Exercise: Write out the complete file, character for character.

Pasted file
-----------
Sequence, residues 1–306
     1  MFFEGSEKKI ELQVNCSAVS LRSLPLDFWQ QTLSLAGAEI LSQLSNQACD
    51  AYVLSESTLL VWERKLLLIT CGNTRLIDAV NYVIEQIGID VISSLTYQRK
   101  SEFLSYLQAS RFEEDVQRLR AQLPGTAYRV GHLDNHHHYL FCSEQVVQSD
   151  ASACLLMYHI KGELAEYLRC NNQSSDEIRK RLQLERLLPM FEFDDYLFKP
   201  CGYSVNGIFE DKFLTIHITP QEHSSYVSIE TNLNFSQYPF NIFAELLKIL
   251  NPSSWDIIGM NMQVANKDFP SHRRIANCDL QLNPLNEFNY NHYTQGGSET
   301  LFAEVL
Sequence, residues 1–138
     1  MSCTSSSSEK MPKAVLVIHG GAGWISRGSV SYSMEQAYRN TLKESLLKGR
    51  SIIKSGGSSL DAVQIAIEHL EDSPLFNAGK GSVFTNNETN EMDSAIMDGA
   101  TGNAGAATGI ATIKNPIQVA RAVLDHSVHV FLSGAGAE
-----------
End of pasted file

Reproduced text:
Sequence, residues 1–306
     1  MFFEGSEKKI ELQVNCSAVS LRSLPLDFWQ QTLSLAGAEI LSQLSNQACD
    51  AYVLSESTLL VWERKLLLIT CGNTRLIDAV NYVIEQIGID VISSLTYQRK
   101  SEFLSYLQAS RFEEDVQRLR AQLPGTAYRV GHLDNHHHYL FCSEQVVQSD
   151  ASACLLMYHI KGELAEYLRC NNQSSDEIRK RLQLERLLPM FEFDDYLFKP
   201  CGYSVNGIFE DKFLTIHITP QEHSSYVSIE TNLNFSQYPF NIFAELLKIL
   251  NPSSWDIIGM NMQVANKDFP SHRRIANCDL QLNPLNEFNY NHYTQGGSET
   301  LFAEVL
Sequence, residues 1–138
     1  MSCTSSSSEK MPKAVLVIHG GAGWISRGSV SYSMEQAYRN TLKESLLKGR
    51  SIIKSGGSSL DAVQIAIEHL EDSPLFNAGK GSVFTNNETN EMDSAIMDGA
   101  TGNAGAATGI ATIKNPIQVA RAVLDHSVHV FLSGAGAE